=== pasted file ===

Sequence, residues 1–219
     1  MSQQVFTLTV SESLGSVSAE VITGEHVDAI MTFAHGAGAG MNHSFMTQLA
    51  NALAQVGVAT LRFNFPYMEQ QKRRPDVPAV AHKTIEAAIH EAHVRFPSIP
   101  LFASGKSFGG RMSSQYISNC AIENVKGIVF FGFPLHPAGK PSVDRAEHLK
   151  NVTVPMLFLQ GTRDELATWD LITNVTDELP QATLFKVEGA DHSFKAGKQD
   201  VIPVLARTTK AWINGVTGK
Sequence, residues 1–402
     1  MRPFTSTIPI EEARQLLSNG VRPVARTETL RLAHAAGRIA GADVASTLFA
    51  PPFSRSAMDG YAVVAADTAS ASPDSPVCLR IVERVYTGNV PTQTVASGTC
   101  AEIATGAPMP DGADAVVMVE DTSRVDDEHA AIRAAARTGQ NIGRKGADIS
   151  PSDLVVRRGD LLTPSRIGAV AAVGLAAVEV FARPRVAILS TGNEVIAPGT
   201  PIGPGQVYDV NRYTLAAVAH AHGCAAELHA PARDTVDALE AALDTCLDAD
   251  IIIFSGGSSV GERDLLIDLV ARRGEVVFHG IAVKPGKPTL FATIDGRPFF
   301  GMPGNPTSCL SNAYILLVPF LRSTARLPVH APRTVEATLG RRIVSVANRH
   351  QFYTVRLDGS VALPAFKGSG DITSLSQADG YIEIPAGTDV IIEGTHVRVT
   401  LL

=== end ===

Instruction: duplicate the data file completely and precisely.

Sequence, residues 1–219
     1  MSQQVFTLTV SESLGSVSAE VITGEHVDAI MTFAHGAGAG MNHSFMTQLA
    51  NALAQVGVAT LRFNFPYMEQ QKRRPDVPAV AHKTIEAAIH EAHVRFPSIP
   101  LFASGKSFGG RMSSQYISNC AIENVKGIVF FGFPLHPAGK PSVDRAEHLK
   151  NVTVPMLFLQ GTRDELATWD LITNVTDELP QATLFKVEGA DHSFKAGKQD
   201  VIPVLARTTK AWINGVTGK
Sequence, residues 1–402
     1  MRPFTSTIPI EEARQLLSNG VRPVARTETL RLAHAAGRIA GADVASTLFA
    51  PPFSRSAMDG YAVVAADTAS ASPDSPVCLR IVERVYTGNV PTQTVASGTC
   101  AEIATGAPMP DGADAVVMVE DTSRVDDEHA AIRAAARTGQ NIGRKGADIS
   151  PSDLVVRRGD LLTPSRIGAV AAVGLAAVEV FARPRVAILS TGNEVIAPGT
   201  PIGPGQVYDV NRYTLAAVAH AHGCAAELHA PARDTVDALE AALDTCLDAD
   251  IIIFSGGSSV GERDLLIDLV ARRGEVVFHG IAVKPGKPTL FATIDGRPFF
   301  GMPGNPTSCL SNAYILLVPF LRSTARLPVH APRTVEATLG RRIVSVANRH
   351  QFYTVRLDGS VALPAFKGSG DITSLSQADG YIEIPAGTDV IIEGTHVRVT
   401  LL